Currently, WIT has trained more than 10,000 women and helped and build the capacity of more than 60 local women’s organizations along with 650 trainers in nine countries in the MENA region. More and more statistics indicate a link between women who are economically and technologically empowered lowering the need for humanitarian aid yet raising elements of community health, economy, and peacekeeping in the countries where they live. Heather cites, “there is strong correlation between women’s education, empowerment and employment and economic and political stability. Through the Women in Technology program, we have seen thousands of women gain new skills, confidence and in many cases, livelihoods. This positively impacts their daughters, families, communities and societies. Knowledge of technology is incredibly powerful, and seemingly innocuous. Women armed with technology are change agents. They use these cutting edge skills to build networks, lead their families, gain employment, start businesses, and build civil societies.”
The story of Rana Hadi, a student at the Science College of Baghad, is one of WIT’s most exemplary. She ascended from bomb survivor to wheelchair to WIT member then returned to college. On the day of the attack, she watched her closest friend die while her other one was torn to pieces. “Today, and after all this time has passed, I still relive the disaster minute by minute. The echoes of our giggles preceding the screams are still resonating in my ears whenever I immerse in my thoughts … And whenever I wake up I find my fist clenched in a bloody fist,” said Rana, in late 2008 when WIT asked her to share her story.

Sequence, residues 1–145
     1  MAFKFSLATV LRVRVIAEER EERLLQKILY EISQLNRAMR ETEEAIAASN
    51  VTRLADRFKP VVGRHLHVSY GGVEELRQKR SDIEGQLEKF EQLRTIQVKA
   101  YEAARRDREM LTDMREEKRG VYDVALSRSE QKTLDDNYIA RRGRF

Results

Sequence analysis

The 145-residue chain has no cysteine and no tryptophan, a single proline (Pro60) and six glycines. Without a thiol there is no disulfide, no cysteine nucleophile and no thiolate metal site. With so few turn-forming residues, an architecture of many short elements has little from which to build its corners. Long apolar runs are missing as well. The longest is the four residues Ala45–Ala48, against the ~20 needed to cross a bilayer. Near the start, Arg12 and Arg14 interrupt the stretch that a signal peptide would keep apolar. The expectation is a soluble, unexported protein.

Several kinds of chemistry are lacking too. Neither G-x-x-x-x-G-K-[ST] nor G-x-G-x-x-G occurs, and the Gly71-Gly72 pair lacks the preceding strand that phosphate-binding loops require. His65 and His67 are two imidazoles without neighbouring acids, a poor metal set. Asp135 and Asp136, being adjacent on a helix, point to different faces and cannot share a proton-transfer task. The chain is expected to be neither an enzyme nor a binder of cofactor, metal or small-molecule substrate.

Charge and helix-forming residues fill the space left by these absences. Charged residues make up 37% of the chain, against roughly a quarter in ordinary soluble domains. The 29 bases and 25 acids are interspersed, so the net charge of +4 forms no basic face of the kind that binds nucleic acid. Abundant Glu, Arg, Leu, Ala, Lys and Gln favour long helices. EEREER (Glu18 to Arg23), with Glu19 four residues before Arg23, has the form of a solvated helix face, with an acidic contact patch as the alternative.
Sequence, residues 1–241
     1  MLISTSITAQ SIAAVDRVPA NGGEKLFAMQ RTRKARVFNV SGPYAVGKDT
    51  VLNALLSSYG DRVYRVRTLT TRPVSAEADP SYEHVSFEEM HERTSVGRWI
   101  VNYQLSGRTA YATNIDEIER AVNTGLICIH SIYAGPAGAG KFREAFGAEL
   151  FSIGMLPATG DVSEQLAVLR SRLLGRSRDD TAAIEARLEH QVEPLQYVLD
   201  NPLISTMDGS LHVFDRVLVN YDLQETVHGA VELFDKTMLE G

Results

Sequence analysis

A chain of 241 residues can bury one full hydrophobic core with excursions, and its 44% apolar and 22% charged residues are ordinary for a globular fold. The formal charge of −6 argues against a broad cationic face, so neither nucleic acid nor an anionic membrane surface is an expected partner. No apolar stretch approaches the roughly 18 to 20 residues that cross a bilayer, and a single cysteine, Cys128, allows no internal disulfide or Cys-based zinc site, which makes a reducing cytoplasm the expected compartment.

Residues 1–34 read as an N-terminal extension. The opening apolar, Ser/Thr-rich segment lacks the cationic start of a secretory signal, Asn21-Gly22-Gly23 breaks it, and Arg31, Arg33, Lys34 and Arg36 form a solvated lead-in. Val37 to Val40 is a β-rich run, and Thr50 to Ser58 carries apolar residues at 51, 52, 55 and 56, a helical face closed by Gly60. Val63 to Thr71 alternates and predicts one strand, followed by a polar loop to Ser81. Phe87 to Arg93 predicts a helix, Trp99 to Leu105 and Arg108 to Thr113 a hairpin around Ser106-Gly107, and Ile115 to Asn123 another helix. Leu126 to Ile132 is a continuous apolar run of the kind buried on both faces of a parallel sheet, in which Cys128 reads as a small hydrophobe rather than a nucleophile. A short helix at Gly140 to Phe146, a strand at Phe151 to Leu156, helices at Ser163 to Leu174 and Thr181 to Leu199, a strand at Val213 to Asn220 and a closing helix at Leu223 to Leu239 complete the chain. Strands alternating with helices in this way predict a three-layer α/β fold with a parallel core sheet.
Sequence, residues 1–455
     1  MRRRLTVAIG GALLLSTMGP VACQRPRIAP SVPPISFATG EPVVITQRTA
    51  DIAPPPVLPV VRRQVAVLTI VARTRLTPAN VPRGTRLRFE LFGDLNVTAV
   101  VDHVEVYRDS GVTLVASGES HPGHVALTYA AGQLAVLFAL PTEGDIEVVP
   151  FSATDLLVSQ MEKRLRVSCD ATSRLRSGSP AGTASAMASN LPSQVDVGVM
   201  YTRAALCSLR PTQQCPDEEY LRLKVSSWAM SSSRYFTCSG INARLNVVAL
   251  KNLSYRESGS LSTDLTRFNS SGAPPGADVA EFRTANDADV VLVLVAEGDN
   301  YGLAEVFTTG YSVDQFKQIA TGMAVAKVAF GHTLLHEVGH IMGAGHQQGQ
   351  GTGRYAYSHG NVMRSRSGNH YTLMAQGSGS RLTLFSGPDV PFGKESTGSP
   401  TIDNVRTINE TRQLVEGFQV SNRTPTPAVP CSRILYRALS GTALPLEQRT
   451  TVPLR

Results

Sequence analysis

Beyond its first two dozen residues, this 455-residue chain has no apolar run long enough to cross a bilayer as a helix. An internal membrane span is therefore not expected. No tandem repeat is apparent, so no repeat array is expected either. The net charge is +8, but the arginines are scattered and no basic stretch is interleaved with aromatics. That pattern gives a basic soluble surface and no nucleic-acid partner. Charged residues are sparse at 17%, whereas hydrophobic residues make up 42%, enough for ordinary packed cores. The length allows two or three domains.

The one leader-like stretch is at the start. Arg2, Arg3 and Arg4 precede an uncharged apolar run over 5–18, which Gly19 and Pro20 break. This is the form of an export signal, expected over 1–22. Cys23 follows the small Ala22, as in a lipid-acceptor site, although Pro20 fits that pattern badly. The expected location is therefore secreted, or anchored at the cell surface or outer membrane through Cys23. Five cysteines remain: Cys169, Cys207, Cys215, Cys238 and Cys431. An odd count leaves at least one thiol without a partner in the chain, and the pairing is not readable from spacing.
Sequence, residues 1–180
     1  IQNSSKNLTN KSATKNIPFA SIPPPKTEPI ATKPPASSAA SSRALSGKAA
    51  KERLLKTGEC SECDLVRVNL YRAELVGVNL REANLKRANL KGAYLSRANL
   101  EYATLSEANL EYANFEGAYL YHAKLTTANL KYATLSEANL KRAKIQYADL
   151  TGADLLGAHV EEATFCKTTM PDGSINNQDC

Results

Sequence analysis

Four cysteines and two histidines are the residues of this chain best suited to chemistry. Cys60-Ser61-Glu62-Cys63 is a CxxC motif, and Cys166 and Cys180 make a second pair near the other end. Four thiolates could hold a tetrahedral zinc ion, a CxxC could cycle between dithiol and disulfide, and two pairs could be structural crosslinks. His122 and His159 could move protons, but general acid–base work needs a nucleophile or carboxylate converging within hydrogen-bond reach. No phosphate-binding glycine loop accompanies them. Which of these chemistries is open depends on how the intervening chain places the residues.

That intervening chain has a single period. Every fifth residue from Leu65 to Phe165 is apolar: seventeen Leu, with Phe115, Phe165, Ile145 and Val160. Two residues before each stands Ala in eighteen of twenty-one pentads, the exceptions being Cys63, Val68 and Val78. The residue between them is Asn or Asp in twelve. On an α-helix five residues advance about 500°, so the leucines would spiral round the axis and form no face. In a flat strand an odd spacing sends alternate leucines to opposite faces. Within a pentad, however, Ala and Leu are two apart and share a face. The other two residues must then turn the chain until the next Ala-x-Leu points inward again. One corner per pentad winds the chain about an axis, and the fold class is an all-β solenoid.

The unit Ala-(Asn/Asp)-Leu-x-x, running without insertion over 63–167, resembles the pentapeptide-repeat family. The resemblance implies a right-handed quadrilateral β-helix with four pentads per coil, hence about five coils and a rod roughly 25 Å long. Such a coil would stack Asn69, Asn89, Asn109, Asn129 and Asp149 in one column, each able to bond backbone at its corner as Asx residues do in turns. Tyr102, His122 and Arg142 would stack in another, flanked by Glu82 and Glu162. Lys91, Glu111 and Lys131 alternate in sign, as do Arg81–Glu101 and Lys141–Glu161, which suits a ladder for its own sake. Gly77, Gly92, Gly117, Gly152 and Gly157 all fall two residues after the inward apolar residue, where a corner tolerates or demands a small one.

She calls her life after the bomb, “my second life, with hope.”
Heather acknowledges how deeply the programs impact not only the women’s lives who are changed by them but how deeply affecting it is to lead such innovative change. Challenges exist, of course, but Heather shares how great the reward of working on the three programs. “As with many women, balancing work and being a (single) mother continues to be my biggest challenge. And, truly, I am so fortunate to have a supportive employer and to work on projects with many extraordinarily strong women and working mothers around the world. This challenge is also my greatest joy. I am proud that these projects will help pave the way to a better future for the women of my daughter’s generation, many of whom may not be as fortunate as she. Practically speaking, I try to take one day at a time, otherwise I can feel overwhelmed, I value the simple joys of seeing my daughter develop each day, and I always remind myself of the enormous challenges faced by the majority of women around the world and the incredible strength and perseverance they exhibit. They inspire me each and every day.”
IIE West Coast is always looking to take WIT and its model to other regions and countries. If you have ideas, questions, or would like to be involved, please contact: Heather Ramsey, Director, Global Partnership, IIE West Coast Center, at firstname.lastname@example.org